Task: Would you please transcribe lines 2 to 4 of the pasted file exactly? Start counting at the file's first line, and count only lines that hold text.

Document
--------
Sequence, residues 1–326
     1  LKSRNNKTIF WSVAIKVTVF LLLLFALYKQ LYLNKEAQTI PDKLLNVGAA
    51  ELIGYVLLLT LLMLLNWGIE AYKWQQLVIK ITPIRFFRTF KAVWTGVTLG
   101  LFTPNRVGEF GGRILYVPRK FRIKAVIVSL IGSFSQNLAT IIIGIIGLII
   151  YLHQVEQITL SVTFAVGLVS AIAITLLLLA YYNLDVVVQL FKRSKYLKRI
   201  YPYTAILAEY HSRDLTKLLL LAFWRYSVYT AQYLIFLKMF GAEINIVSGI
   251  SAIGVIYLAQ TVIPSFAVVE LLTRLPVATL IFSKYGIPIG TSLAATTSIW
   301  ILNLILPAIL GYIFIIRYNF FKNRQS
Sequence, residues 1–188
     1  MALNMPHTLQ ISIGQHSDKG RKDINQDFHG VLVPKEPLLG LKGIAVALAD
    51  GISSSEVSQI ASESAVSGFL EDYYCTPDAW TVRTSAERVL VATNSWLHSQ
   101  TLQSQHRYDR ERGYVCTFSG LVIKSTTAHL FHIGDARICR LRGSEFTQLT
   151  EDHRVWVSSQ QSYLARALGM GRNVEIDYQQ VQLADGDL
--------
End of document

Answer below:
     1  LKSRNNKTIF WSVAIKVTVF LLLLFALYKQ LYLNKEAQTI PDKLLNVGAA
    51  ELIGYVLLLT LLMLLNWGIE AYKWQQLVIK ITPIRFFRTF KAVWTGVTLG
   101  LFTPNRVGEF GGRILYVPRK FRIKAVIVSL IGSFSQNLAT IIIGIIGLII